NBA Summer League

Dubs assistant Rubin gets chills coaching summer league team

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When Warriors head coach Steve Kerr walks to the podium for his pregame media availability, he usually does so with Vans on his feet and a smile that reflects both business and the beach. He knows the task at hand, yet isn’t going to sacrifice his personality. Neither is Jacob Rubin.

The Warriors player development coach will lead Golden State’s summer league squad as head coach, starting in Sacramento and then Las Vegas, his first time ever at the helm.

Rubin’s personality is that of an Energizer Bunny, beating the drum faster and faster. The 30-year-old has gained the trust of the biggest names in the organization for his work ethic and demeanor and is giddy at perhaps his biggest opportunity – one that matches his rise up the ranks.

“It's crazy,” Rubin said Thursday at Chase Center, his smile matching his excitement. “I get chills, honestly, thinking about it. The first time I went to summer league was like in 2009, and I was just finding a way to be around the game.

“I get chills talking about it. For Coach Kerr and Mike [Dunleavy] and Kirk [Lacob] and Joe [Lacob] and Peter [Guber] and everybody to give me this opportunity, it's the opportunity of a lifetime.”

Players have been getting work in at the Warriors’ facility the last few days, but Thursday marked their first official practice under Rubin’s watch. A handful of players emphasized the competitiveness of the environment and felt they could already tell Rubin’s a player’s coach. He described the tone as “get your work in and get off your feet.”

Offensively, Rubin’s focus is to instill a ball-movement system that sets his players up for success with the Warriors. However, Rubin clearly is hammering home defensive concepts and wants to make it clear to his players that’s the first way to get on the floor for him.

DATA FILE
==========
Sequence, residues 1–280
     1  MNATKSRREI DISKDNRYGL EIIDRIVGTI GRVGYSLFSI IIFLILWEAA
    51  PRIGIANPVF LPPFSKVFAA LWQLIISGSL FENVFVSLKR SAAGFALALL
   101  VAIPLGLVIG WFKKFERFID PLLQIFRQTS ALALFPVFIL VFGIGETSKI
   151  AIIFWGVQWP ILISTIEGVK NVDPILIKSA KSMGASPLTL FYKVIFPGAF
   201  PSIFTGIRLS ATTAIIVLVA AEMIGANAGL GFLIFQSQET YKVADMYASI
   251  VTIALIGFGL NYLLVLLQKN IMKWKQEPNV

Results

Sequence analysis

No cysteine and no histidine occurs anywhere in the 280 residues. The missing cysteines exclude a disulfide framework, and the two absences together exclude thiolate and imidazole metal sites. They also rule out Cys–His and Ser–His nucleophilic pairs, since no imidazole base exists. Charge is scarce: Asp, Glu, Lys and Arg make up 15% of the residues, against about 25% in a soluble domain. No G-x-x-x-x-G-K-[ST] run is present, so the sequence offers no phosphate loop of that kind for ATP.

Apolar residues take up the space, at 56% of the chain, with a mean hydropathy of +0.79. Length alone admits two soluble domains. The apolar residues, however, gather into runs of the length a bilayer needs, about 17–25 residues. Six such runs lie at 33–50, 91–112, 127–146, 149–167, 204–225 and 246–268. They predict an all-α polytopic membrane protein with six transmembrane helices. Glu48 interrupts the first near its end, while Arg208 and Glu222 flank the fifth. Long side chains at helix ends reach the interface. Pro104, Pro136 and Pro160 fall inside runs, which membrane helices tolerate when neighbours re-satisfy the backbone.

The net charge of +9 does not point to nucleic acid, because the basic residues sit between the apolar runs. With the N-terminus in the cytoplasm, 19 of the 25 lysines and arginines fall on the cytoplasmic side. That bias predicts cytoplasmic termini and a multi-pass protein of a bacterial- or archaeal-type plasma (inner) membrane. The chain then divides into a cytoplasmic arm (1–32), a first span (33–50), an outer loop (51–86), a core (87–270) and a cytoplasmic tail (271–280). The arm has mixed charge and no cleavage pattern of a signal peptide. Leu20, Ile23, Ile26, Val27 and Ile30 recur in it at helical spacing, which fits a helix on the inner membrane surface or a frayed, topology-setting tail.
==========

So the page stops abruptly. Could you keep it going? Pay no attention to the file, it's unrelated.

And yes, it might only be summer league but wins and losses matter to him.

Warriors first-round draft pick Brandin Podziemski already has declared his biggest goal is to sweep the competition in Sacramento and Vegas, with a zero in the loss column. Rubin is right on board with that type of thinking.

“They know point blank, period, we're going to compete at the highest level,” Rubin said. “Every team that comes in against us knows we're going to compete. They're going to really have to bring it to play against us.

“This means ball movement in everything we do. That's just one of the things we do is share the ball, and then a big part of our practice is being a great teammate, because that's who we are here.”

The Las Vegas Summer League champions last year were the Portland Trail Blazers. Portland then won 33 games and had the No. 3 pick in the NBA draft. The one year the Warriors won it all in Vegas was 2013, a prelude to a season where the Warriors fell to the Los Angeles Clippers in the first round of the playoffs and then began their dynasty of five straight trips to the NBA Finals the next season.